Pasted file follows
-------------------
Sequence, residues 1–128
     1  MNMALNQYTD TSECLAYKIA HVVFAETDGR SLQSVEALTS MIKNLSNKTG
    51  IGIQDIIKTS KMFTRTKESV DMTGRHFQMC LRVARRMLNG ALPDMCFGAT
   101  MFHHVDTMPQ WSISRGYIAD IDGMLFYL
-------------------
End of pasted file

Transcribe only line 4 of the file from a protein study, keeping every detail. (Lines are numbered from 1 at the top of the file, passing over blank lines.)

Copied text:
   101  MFHHVDTMPQ WSISRGYIAD IDGMLFYL